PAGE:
University of Cambridge

Tensile behaviour of thermally-stable nanocrystalline bainitic-steels

G. M. A. M. El-Fallah and H. K. D. H. Bhadeshia


The deformation behaviour of two nanostructured bainitic steels designed to ensure the thermal stability of the retained austenite present alongside the bainitic ferrite, has been studied as a function of test temperature. One of the alloys is especially rich in silicon whereas the other in nickel. Surprisingly, the alloys are found to have greater ultimate tensile strengths and ductility when tested at 200 °C, compared with corresponding tests at ambient temperature. This is demonstrated to be a consequence of the more gradual deformation-induced transformation of the retained austenite at 200 °C. In contrast, there is a dramatic reduction in both strength and uniform ductility during testing at 450 °C. Some carbides precipitate during testing of the high-silicon alloy, thus making the austenite less stable to both thermally and mechanically. The high-nickel alloy suffers from the same fate but for different reasons, that the austenite actually grows at the 450 °C test temperature, leading to a reduction in its thermodynamic stability.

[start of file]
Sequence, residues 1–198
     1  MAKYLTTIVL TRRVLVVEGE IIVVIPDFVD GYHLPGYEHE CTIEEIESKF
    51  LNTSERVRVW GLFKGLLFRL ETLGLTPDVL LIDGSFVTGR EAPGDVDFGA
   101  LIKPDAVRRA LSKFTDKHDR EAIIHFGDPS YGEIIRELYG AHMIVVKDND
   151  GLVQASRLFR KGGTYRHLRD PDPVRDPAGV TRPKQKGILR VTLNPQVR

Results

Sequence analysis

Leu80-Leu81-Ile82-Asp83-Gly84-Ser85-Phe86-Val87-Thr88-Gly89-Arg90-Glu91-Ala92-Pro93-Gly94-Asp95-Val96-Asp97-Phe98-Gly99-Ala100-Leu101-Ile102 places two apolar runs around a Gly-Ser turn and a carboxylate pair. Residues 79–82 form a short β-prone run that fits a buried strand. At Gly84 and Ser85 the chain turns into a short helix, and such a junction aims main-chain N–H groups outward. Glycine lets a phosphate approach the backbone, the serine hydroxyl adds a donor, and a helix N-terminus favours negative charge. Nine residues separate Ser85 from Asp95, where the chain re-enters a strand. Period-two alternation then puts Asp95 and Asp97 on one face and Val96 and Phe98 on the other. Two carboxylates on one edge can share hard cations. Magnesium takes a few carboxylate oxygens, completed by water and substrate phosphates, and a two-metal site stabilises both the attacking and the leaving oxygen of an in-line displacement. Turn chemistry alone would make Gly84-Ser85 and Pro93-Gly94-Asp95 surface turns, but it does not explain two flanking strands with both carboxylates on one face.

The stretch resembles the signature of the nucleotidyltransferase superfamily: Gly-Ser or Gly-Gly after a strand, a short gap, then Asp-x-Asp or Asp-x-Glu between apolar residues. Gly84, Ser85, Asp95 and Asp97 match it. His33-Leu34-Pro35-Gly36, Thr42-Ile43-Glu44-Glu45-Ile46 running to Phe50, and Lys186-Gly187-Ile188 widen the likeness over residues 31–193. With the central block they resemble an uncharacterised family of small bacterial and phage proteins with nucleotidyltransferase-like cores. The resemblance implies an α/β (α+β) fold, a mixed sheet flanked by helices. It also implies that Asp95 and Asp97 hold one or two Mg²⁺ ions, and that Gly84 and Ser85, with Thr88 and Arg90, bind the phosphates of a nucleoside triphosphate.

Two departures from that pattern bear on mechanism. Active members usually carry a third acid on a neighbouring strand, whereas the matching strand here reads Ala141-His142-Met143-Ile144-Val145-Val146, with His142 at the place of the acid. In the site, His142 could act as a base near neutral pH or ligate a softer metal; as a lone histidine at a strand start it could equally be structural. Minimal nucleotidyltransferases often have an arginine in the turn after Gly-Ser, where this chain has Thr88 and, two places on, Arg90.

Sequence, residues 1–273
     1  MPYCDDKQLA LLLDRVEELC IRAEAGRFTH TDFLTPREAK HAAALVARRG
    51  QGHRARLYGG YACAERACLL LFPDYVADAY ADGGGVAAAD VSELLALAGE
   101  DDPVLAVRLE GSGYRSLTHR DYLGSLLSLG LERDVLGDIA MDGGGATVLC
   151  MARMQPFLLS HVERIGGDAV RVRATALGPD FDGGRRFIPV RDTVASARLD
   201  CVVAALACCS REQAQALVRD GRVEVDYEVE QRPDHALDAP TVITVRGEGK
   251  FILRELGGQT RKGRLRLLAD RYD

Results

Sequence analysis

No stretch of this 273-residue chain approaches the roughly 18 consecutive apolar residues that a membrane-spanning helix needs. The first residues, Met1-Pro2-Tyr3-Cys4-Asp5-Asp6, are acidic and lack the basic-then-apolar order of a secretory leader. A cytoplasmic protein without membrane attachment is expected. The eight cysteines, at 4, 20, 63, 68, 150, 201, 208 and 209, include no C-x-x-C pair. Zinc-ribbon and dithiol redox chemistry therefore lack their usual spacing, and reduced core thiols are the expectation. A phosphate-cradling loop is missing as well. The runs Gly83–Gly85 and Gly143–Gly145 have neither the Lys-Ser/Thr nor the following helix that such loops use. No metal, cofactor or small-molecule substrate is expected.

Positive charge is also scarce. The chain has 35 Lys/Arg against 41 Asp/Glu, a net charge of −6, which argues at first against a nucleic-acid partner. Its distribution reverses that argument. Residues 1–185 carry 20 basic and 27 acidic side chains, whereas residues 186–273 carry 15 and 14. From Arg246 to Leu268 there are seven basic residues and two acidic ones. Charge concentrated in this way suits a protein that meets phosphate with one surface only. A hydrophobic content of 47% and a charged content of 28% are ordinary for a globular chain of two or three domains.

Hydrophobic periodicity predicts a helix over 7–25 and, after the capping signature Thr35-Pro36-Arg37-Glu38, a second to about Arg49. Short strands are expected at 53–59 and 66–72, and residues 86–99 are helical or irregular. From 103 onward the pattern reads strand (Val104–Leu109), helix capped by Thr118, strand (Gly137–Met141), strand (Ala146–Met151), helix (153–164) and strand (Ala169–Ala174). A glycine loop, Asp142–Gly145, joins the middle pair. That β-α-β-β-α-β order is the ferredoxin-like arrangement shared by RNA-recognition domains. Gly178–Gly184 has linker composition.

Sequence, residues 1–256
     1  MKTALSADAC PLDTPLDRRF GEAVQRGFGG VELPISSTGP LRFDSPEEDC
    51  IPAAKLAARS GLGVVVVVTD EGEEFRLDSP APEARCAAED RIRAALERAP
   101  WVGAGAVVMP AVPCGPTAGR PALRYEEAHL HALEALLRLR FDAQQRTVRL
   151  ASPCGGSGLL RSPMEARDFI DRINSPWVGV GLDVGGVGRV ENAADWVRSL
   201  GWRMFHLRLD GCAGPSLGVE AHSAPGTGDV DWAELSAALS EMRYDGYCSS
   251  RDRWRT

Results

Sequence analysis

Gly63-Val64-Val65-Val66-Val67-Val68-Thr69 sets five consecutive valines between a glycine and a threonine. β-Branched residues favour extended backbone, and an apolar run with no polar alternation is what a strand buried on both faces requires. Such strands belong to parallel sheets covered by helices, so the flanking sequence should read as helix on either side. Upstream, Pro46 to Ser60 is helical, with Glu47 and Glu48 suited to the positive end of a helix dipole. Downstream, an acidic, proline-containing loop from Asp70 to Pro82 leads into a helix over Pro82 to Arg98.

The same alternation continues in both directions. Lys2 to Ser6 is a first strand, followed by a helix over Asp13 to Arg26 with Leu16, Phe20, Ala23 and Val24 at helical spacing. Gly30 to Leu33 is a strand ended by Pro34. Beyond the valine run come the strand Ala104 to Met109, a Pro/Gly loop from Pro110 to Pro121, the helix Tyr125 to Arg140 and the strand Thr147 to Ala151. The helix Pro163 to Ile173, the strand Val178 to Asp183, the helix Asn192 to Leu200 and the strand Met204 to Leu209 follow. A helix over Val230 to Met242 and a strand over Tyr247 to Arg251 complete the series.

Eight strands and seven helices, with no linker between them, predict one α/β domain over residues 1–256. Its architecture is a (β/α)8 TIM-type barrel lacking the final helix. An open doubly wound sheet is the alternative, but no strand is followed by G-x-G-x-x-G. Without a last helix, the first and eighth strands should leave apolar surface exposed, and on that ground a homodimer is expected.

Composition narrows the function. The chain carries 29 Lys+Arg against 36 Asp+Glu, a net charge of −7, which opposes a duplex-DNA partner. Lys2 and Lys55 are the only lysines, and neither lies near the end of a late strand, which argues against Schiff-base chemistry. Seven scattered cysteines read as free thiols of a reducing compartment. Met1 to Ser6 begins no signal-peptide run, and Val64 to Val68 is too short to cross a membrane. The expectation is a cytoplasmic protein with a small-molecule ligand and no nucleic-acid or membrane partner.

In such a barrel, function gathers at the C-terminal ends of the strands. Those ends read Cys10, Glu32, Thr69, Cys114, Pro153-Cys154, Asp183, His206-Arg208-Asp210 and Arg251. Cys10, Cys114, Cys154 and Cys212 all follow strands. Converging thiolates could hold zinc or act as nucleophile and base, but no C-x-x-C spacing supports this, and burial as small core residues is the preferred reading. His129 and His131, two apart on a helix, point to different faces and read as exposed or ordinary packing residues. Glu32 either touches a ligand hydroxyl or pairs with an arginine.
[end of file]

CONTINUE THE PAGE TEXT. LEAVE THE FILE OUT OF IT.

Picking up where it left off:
The experimental data on the stability of the retained austenite both at the test temperature and during cooling from that temperature have been modelled.

Materials Science and Engineering A 746 (2019) 145-153.

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